Sana Bagersh started Tamakkan four years ago in Abu Dhabi to advise start-ups and entrepreneurs. It is staffed and administered by her advertising and marketing company BrandMoxie as well as volunteers. Ms Bagersh, a former journalist, is chief executive of the social enterprise.
Why did you start Tamakkan?
I started Tamakkan in July 2009 as a response to a real need. Up to then I used to spend a lot of time providing pro bono advice to start-ups and entrepreneurs. I gave guidance on subjects like how to get started, how to develop a business plan, how to develop a marketing plan, down to specifics like how to write a press release, how to select a shop location in a mall, and how to organise a focus group among others. I was astounded by what I perceived to be a high rate of failure among new businesses. Unlike many markets it was not usually because of lack of funding, or even lack of commitment. Rather, a lot of times it was because the entrepreneur passionately pursued his or her dream without having sufficient business knowledge to make it work.
What are Tamakkan’s activities?
Tamakkan has mostly focused on providing regular seminars on entrepreneurship, leadership and innovation areas. Sometimes we focus on nuts-and-bolts topics such as how to fund your business, how to market your goods, how to develop a distribution strategy, how to select staff, vendors and partners, and how to use technology. Sometimes our sessions focus on specific areas such as marketing, franchising, branding, merchandising and social media. Lately we have also emphasised women leadership and empowerment, and also youth entrepreneurship.
Please give us an example of a challenge one of your clients faced.
There was a woman who met with me after one of the sessions and expressed her frustration with the business manager who she believed was cheating her. I learnt that she was an engineer and she had a travel agency. It became apparent that she knew very little about the travel business so it was difficult for her to know whether or not her business was being managed well. This, by the way, is a classic problem in the UAE, where nationals maintain their jobs in government, but set up businesses on the side, for the purpose of deriving secondary incomes, and then they are unable to monitor their businesses well and in many cases do not know enough about the business to see the signs of impending failure. Sometimes they make the wrong business decisions, and in some cases get cheated by others. So my advice to those wanting to set up a business, whether it is solely for the purpose of generating income or to manage it themselves, is to know as much as they can about the business before setting it up. I often advise Emiratis to intern, or participate in long, even unpaid, apprenticeships, long enough to learn the ins and outs of a business before deciding to open a similar business themselves.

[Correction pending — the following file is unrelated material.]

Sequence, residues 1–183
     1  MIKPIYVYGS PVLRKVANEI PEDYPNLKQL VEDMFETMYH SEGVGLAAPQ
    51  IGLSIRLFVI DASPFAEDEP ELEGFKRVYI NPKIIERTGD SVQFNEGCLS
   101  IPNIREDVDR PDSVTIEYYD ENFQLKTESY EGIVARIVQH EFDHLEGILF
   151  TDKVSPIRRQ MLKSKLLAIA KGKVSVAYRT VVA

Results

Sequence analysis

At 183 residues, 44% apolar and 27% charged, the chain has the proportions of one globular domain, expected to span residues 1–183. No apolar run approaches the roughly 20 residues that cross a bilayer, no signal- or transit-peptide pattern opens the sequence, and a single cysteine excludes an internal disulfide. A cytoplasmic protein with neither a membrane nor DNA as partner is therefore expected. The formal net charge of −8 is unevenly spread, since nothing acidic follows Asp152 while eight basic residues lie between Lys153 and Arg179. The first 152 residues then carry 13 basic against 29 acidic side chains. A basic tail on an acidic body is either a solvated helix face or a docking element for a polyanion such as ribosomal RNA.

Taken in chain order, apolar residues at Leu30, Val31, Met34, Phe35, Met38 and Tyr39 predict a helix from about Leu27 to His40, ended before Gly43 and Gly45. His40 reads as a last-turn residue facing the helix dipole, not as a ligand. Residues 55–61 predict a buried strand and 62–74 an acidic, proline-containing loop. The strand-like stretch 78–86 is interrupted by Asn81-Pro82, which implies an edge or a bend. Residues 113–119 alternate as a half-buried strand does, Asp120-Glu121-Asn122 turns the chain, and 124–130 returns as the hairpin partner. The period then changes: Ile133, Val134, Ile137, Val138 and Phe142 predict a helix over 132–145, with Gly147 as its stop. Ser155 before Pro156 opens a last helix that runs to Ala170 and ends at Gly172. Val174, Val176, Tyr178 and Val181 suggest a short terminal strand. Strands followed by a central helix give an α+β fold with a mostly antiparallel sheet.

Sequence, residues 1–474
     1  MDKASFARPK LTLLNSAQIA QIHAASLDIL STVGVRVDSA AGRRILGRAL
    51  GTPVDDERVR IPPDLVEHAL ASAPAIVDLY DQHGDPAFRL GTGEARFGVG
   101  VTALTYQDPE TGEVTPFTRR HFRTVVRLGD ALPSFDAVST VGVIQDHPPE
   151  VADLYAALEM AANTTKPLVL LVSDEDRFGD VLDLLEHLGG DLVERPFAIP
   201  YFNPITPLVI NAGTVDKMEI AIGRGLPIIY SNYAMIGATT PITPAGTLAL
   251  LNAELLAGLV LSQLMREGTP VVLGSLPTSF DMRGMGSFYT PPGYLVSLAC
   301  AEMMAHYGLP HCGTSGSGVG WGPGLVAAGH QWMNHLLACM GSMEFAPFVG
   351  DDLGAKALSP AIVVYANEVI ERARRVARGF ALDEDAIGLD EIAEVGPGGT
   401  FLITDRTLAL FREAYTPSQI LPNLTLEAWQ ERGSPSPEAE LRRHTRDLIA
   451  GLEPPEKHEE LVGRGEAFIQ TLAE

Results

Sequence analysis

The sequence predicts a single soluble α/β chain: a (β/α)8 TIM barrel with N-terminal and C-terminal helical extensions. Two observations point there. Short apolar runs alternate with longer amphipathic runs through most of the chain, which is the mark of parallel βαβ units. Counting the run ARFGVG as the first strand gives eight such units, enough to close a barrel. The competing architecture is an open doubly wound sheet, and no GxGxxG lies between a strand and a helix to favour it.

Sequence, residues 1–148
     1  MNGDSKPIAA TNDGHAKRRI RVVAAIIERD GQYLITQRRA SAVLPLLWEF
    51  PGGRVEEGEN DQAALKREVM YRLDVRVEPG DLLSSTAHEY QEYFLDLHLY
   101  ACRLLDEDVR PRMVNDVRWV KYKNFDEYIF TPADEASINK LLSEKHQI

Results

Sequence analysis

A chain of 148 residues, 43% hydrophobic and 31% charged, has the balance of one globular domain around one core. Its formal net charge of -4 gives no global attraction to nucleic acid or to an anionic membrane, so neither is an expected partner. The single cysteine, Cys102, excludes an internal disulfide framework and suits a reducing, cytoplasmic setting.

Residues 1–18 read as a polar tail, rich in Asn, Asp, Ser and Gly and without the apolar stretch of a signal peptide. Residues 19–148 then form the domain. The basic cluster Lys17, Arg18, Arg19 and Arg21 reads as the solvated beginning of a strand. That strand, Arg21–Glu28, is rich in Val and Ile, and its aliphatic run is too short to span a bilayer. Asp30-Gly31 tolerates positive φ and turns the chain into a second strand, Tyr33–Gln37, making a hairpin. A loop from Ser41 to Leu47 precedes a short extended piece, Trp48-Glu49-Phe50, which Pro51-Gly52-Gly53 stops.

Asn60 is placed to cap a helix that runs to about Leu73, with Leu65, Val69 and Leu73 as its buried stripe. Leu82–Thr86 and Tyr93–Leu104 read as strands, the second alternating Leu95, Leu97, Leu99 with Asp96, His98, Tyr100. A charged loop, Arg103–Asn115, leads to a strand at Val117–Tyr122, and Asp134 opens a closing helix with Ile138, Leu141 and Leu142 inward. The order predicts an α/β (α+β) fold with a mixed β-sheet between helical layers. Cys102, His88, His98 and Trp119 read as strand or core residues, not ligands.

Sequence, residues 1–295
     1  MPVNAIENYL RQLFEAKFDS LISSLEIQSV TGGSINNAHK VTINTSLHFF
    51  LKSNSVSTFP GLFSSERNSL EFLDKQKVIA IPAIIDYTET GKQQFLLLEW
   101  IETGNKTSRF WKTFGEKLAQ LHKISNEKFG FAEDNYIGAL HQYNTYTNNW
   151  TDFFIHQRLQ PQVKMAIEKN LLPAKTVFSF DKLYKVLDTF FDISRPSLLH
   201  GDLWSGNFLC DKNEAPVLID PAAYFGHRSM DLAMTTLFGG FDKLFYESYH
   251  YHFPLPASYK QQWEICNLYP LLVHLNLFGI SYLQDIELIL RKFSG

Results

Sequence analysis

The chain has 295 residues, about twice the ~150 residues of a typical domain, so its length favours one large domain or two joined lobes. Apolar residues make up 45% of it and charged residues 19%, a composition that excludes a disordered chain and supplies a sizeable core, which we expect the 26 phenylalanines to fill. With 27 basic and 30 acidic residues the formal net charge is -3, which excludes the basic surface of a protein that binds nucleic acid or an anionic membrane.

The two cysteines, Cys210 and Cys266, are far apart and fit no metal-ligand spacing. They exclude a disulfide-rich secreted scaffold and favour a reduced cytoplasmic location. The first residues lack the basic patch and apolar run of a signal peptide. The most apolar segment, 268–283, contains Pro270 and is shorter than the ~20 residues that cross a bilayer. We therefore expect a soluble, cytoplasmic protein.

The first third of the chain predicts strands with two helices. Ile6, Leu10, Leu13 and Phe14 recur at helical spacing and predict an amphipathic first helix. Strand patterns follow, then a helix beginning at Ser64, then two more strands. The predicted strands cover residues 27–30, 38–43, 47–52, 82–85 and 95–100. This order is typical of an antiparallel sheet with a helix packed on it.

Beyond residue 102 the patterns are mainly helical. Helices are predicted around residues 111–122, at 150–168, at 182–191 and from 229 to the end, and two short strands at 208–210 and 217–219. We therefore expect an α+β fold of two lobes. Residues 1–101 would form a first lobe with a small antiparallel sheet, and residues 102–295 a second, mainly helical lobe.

How often do you meet the entrepreneurs?
I realised that the initiative needed to be frequent – and so the idea was to hold it monthly or at least every two months – so that entrepreneurs could continually link up with people who could help guide them, and answer their pressing needs.
What kind of institutional support do you get?
When I sent up Tamakkan I needed space to hold our seminars, and Zayed University offered us space to meet. Soon I realised that while ZU was an excellent venue, I couldn’t easily attract many of the professors from other universities to participate. I approached Mamoura and presented them with our initiative. The sessions are held in the Mamoura building now. Among other entities supporting us are GE Capital, American Chamber of Commerce Abu Dhabi and JBI/Serco.
How many entrepreneurs have you trained so far through Tamakkan?
Our seminars are typically attended by about 100 to 120 people, and our database has grown over the years to around 17,000 contacts. Attendees register for those topics that appeal to them.